On 24 April 2023, South Sudan's Renk County reported thousands of refugees seeking shelter in the country. Authorities estimated the volume of refugees to be at least 10,000 people, three-quarters of whom were South Sudanese who had previously fled north to escape internal conflicts and the rest consisting of Sudanese and other African nationals.[27] The refugees were primarily women and children who also lacked several basic needs.[28] Authorities reported that the refugees included South Sudanese, Sudanese, Ugandan, Kenyan, Eritrean and Somali nationals.[29] By June, the number of refugees had risen to over 115,000,[3] and more than 259,000 by September.[30]


On 23 April 2023, hundreds of civilians were reported to have arrived at the Egyptian border mainly in buses, with most of them again being women and children who had fled from war-torn cities. These people were given asylum and Egypt urged civilians to go to its land border crossing at Wadi Halfa or to Port Sudan for evacuation or safety.[31][32] Egypt said that 42,300 people, 40,000 of whom were Sudanese, had entered the country from Sudan.[22] The number increased to 64,000 by 9 May.[33] Two camps operated by the Red Crescent were set up to provide aid to refugees.[34] By August, the UN estimated the total number of refugees in Egypt at 285,000.[5] Following the imposition of visa requirements on 10 June for all Sudanese citizens, 12,000 families were stranded in the Wadi Halfa border crossing while their visas were being processed by the Egyptian consulate.[3]

Other countries

More than 75,000 people fled to Ethiopia,[5] including 1,400 Turkish nationals.[35] The country later started receiving up to 3,000 refugees when fighting between the SAF and the SPLM-N (al-Hilu) broke out in June,[18] while 25,000 others were stranded at the Sudanese side of the border by September.[36] About 17,000 people fled to the Central African Republic, while at least 3,500 fled to Libya.[5] About 3,000 people were evacuated to Djibouti.[37]


Criticism was levelled at diplomatic missions operating in Sudan for their slow response in helping Sudanese visa applicants whose passports were left behind in embassies following their closure during evacuation efforts, preventing them from leaving the country.[38]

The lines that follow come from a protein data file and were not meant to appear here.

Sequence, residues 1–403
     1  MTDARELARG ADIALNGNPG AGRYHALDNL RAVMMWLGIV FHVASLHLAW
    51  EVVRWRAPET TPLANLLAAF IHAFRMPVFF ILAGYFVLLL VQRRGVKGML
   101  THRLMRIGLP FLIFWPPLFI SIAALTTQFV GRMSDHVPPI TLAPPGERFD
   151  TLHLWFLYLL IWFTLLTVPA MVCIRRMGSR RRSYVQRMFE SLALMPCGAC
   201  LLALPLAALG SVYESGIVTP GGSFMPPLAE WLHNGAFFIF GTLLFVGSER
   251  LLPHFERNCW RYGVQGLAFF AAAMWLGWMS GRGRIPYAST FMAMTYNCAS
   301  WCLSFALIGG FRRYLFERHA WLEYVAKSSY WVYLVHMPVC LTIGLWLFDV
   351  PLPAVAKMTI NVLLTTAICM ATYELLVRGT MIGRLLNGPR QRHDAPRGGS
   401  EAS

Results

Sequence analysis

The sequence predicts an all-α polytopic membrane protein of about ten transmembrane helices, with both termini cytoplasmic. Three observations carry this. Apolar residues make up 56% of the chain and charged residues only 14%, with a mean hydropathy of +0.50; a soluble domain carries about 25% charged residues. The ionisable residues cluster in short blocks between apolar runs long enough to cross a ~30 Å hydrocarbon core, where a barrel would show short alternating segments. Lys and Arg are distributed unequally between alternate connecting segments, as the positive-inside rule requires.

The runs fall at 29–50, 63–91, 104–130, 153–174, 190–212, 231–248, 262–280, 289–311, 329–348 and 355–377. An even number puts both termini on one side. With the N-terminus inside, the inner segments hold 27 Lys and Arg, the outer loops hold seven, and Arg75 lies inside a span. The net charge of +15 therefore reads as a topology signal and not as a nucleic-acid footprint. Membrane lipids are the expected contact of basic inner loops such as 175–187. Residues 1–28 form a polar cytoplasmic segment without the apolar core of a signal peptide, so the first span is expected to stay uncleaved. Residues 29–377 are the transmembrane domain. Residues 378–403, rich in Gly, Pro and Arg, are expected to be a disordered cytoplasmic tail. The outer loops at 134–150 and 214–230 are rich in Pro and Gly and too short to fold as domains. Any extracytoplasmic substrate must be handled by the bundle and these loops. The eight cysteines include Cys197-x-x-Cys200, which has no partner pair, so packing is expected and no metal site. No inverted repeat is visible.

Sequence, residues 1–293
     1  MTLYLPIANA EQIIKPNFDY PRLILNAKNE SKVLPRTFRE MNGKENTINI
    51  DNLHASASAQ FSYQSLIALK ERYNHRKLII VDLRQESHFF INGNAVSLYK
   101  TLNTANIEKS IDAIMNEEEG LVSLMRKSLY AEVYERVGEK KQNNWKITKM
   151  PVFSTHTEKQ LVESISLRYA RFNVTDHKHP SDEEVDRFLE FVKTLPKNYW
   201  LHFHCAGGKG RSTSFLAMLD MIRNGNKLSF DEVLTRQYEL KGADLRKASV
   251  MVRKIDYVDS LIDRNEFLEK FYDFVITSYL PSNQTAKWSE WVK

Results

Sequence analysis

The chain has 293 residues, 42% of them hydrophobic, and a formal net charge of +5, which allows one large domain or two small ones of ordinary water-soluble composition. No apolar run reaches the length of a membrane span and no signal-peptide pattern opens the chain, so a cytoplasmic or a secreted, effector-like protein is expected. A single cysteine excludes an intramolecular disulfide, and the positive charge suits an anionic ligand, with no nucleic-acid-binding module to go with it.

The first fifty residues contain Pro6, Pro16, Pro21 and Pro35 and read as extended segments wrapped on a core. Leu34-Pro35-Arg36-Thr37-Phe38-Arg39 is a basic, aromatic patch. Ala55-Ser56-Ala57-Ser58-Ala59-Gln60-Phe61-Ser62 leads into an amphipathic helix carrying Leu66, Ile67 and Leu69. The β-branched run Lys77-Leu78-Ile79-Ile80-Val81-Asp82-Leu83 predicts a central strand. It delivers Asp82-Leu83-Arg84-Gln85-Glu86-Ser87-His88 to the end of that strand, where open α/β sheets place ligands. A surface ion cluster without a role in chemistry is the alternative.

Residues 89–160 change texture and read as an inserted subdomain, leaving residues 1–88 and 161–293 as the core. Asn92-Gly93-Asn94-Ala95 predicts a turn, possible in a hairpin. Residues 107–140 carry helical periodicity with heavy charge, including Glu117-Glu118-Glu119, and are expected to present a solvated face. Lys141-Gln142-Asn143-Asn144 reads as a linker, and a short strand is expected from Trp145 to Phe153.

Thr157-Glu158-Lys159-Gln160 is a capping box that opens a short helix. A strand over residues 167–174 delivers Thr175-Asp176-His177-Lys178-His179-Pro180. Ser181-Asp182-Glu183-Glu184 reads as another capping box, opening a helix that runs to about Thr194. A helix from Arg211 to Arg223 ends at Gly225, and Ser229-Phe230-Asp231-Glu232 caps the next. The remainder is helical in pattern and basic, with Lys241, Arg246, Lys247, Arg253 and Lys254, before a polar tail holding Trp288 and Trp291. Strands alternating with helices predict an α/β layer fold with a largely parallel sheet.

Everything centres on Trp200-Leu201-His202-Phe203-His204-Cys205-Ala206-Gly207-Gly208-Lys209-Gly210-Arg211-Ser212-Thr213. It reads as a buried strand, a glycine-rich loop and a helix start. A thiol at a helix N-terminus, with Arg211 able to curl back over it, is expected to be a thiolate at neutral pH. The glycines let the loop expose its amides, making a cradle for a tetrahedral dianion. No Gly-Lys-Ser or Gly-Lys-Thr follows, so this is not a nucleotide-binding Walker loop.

On 7 May 2023, The Guardian reported that hundreds of Eritrean refugees had been taken away from camps near the Eritrean-Sudanese border. Several Eritrean civilians said the Eritrean Army had taken several civilians back into the country forcefully. Some of those detained were reported to be activists who had fled the dictatorship of President Isaias Afwerki and conscription in the army. 95 people were sent to prison forcefully with severe punishments ahead of them, eight being women.[39]

Ethiopians who fled to Sudan as refugees of the Tigray War would sometimes find themselves victimized again upon arrival, this time by human traffickers. A number of refugees had testified to being kidnapped, regularly tortured, and transported to warehouses in Libya, where many would die due to poor living conditions.[40] This situation worsened further after Sudan itself descended into violence in 2023, placing them at further risk of being kidnapped.[40][41]

See also


  1. ^ "Sudan Conflict Fuels World's Largest Internal Displacement | Human Rights Watch". 31 January 2024. Retrieved 6 April 2024.
  2. ^ Hirons, Rachel (20 March 2024). "Sudan 2024 - the world's largest internal displacement crisis". Medair. Retrieved 5 April 2024.((cite web)): CS1 maint: url-status (link)
  3. ^ a b c "Sudan Emergency: Regional Refugee Response, June 2023 - Progress report". 18 June 2023. Retrieved 18 June 2023.
  4. ^ Omer, Sevil (19 March 2024). "Sudan crisis: Facts, FAQs, and how to help". World Vision. Retrieved 6 April 2024.
  5. ^ a b c d e "UN: One million people flee Sudan as situation 'spirals out of control'". Aljazeera. 16 August 2023. Retrieved 19 August 2023.
  6. ^ "As Sudan war rages, rival sides accused of looting, diverting aid". Al Jazeera. 16 June 2023. Retrieved 25 June 2023.
  7. ^ a b "Sudan: Army and RSF battle over key sites, leaving 56 civilians dead". BBC News. 15 April 2023. Archived from the original on 15 April 2023. Retrieved 24 April 2023.
  8. ^ "UN says up to 20,000 have fled Sudan fighting for Chad". Yahoo Sports. Archived from the original on 25 April 2023. Retrieved 24 April 2023.
  9. ^ "Violence in Sudan's Western Darfur forces 2,500 into Chad: UN refugee agency | UN News". 11 August 2020. Archived from the original on 25 April 2023. Retrieved 24 April 2023.
  10. ^ "War in Sudan: more than 7 million displaced - UN". Africanews. 23 December 2023. Retrieved 23 December 2023.